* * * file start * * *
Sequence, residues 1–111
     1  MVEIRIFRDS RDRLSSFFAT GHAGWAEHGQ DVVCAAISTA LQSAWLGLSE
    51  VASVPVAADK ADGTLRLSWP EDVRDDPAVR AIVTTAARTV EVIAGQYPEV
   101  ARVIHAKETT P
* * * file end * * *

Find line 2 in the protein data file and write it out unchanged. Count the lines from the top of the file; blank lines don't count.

     1  MVEIRIFRDS RDRLSSFFAT GHAGWAEHGQ DVVCAAISTA LQSAWLGLSE